Monday, July 4, 2011

First Page Shooter #8

I did this FPS a little differently than before.  First I've pasted the original First Page, followed by some initial thoughts.  Then I edited the First Page, followed by my overall thoughts. My notes are in bold purple, and my additions to the text are in bold red. Then, to really show the difference, I included the Edited First Page, followed by my closing thoughts. This isn't something I will necessarily do every time. In this case, I really wanted to show that you can cut without losing the core of the scene.

I hope it's helpful!


CHAPTER 1

On the Thursday before leaving on my road trip, I finally got to see Holly again. There she was just standing in the hallway as I stepped out from Intellectual Property. Since I had been regularly checking her schedule online, most recently only an hour earlier that morning in the library, I automatically assumed that she was waiting for me. There was no other reason for her to be standing around like that on the fifth floor.
Of course, I realize now that this should have registered as odd. It was still only the first week back and, Holly would have never waited around just to be nice. Especially not after all the things I had said the last time we saw each other. But after months apart and thinking of her every day over summer break, there she was and when she looked up and started walking toward me, my heart started beating wildly and I could barely even contain my excitement.
Her face, arms and legs were sun tanned golden and her hair was longer, highlighted with lighter shades of brown but other than that, she looked the same. So I really can’t explain why something about her had also looked different as well. Not in any real way, just unfamiliar somehow, as if we were meeting after a much longer absence. At the time, I didn’t think much more of it than that, but since then, I must have replayed that memory at least a hundred times, searching for some clue or insight into the mystery that is Holly Levasseur.

Initial Thoughts: We don’t learn if the narrator is a boy or a girl at any point.  And in fact, we don’t even know if the narrator is talking about a friendship or a romantic relationship at all until the end of paragraph two—even then, I’m not going to assume it’s a boy.  It depends.

In that particular case, a query would clear this up (or the flap copy of a book).  But going hand-in-hand with my other comments, this narrator gives us absolutely no sense of who he/she is as a person.  All we know about him/her is his/her obsession with Holly Levasseur and that he/she is taking Intellectual Property.  That’s it.  You don’t have to give us an info-dump of his/her backstory, but something in the way he/she speaks or observes, or something else about what he/she has done since seeing Holly last might clue us in to what type of person he/she is. 

Also, all of this goes on for much, much too long.  The entire sentiment can be boiled down to 2-3 sentences, giving you much more room on the first page to let us get to know the narrator.  (See comments on cutting below)

Editorial Notes:

On the Thursday before leaving on my road trip (to where? A small detail like that could tell us a lot about your narrator), I finally got to see saw (“got to see” is a more passive way of saying “saw”) Holly again. There She was just (cut adverbs like “just” almost always—it makes the language clunkier than it should be) standing in the hallway as I stepped out from Intellectual Property (this might be only me, but I know what an IP class means—means he/she is a law student.  But that’s because my husband is a lawyer.  Would the average reader know what this means?). Since I had been regularly checking her schedule online, most recently only an hour earlier that morning in the library, I automatically assumed that she was waiting for me. There was no other reason for her to be standing around like that on the fifth floor.(None of this is necessary to move the action forward, especially since you explain why in the next paragraph.  This type of introspection that goes back and forth like this on the first page just slows everything down.  You would have lost me by now.)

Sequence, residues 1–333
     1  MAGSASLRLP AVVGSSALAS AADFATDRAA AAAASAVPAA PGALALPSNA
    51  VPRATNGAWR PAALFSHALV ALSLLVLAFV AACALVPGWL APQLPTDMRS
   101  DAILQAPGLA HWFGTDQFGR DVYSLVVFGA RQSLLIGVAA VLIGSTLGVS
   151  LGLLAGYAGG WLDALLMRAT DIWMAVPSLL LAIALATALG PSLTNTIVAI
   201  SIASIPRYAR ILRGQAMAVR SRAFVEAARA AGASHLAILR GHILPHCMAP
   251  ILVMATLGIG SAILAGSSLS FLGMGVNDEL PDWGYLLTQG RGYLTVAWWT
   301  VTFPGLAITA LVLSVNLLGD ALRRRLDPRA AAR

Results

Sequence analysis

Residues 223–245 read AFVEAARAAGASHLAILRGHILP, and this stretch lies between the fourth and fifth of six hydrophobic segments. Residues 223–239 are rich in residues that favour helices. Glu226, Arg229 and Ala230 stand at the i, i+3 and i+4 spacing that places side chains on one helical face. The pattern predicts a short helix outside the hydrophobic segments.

Of course, I realize now that this should have registered as odd. It was still only the first week back, (misplaced comma—comes before the “and”) and, Holly would have never waited around just (I would keep this one “just” because you’re purposefully qualifying her actions with it) to be nice. Especially not She especially wouldn’t (this is a grammar fix—keeping everything in the same tense) after all the things I had said  (Give us a specific.  It will tell us more about the narrator and his/her relationship with Holly.  Something like “Not after I called her a whore the last time we saw each other.” Or whatever it is that works for your storyline.) the last May (? Give us the detail and then you don’t have to make the language clunky by explaining how long it’s been: “after months apart”—see rest of notes.) time we saw each other. But after months apart and thinking of her every day over summer break (it reads like you’re forcing this detail in here so we know exactly what months they were apart, but it makes the storytelling too meandering and clunky.  Let us find that out later. See below.), there she was, and when she looked up and started walking toward me, her face, arms and legs were sun tanned golden and her hair was longer, highlighted with lighter shades of brown (I moved this up from below to tighten). My heart started beating beat wildly (again, “started beating” is a passive way of saying “beat”) and I could barely even contain my excitement. (The wildly beating heart shows us that he/she’s excited.  No need to tell us here, too. It’s redundant.  And it slows the scene down.)
Her face, arms and legs were sun tanned golden and her hair was longer, highlighted with lighter shades of brown but other than that, she looked the same. So I really can’t explain why something about her had also As she got closer, my smile wavered. Something was different. (This is an example of how you can reword to be more active, and to keep the pacing up, but obviously the exact wording would be up to you and would have to fit with your story.)looked different as well. Not in any real way,(what does that mean? “Not in any real way”?  It must be in a real way, or he/she wouldn’t have noticed, right? Confusing.) just unfamiliar somehow, as if we were meeting after a much longer absence. At the time, I didn’t think much more of it than that, it hadbeen an entire summer after all, but since then, I must have replayed that memory at least a hundred times, searching for some clue or insight into the mystery that is Holly Levasseur. (This would be a much, much stronger ending if we knew up front that she was dead now, or exactly WHY the narrator is looking back on this moment.  We lose the punch that you’re going for because nothing about this seems mysterious at all—it’s only you telling us that it is.  Show, don’t tell!)